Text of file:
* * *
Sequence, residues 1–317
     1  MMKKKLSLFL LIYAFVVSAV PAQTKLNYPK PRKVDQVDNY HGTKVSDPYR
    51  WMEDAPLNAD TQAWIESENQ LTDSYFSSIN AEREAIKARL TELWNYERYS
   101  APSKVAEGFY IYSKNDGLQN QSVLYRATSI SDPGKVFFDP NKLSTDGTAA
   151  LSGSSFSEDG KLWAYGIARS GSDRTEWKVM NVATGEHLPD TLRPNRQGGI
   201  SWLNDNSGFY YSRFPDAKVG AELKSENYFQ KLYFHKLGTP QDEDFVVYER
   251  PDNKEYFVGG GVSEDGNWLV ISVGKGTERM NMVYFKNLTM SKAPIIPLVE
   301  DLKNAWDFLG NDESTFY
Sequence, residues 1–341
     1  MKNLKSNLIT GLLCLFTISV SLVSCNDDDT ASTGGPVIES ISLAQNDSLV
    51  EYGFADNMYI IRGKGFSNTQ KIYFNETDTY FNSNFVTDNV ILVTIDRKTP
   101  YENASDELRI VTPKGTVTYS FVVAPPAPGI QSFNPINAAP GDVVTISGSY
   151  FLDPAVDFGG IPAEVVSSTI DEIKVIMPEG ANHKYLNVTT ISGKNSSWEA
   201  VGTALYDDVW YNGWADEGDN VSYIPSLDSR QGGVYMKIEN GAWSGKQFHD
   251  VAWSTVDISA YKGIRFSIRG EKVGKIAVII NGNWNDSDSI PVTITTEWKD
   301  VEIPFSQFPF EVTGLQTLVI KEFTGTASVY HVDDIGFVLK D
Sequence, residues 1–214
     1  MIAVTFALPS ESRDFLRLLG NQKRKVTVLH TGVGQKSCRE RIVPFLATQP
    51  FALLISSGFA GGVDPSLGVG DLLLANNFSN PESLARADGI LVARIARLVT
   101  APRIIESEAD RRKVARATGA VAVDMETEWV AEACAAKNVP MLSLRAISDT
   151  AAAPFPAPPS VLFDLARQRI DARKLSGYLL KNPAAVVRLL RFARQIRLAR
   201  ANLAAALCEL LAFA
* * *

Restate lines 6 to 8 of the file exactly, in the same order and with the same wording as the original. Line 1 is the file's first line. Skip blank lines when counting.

   201  SWLNDNSGFY YSRFPDAKVG AELKSENYFQ KLYFHKLGTP QDEDFVVYER
   251  PDNKEYFVGG GVSEDGNWLV ISVGKGTERM NMVYFKNLTM SKAPIIPLVE
   301  DLKNAWDFLG NDESTFY